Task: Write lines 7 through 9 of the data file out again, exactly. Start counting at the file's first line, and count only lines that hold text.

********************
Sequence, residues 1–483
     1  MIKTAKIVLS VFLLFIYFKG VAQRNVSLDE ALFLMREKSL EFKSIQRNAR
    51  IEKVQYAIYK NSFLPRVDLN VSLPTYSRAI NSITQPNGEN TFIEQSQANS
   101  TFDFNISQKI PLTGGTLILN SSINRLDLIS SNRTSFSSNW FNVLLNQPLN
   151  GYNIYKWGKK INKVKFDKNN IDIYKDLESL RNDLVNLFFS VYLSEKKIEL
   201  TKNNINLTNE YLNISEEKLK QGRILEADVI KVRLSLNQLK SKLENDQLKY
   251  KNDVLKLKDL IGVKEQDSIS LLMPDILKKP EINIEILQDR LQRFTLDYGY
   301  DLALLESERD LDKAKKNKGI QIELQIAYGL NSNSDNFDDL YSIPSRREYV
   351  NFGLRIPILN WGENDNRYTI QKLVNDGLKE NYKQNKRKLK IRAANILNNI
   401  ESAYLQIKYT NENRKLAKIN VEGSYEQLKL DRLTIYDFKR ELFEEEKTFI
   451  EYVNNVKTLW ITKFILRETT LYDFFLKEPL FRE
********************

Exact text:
   251  KNDVLKLKDL IGVKEQDSIS LLMPDILKKP EINIEILQDR LQRFTLDYGY
   301  DLALLESERD LDKAKKNKGI QIELQIAYGL NSNSDNFDDL YSIPSRREYV
   351  NFGLRIPILN WGENDNRYTI QKLVNDGLKE NYKQNKRKLK IRAANILNNI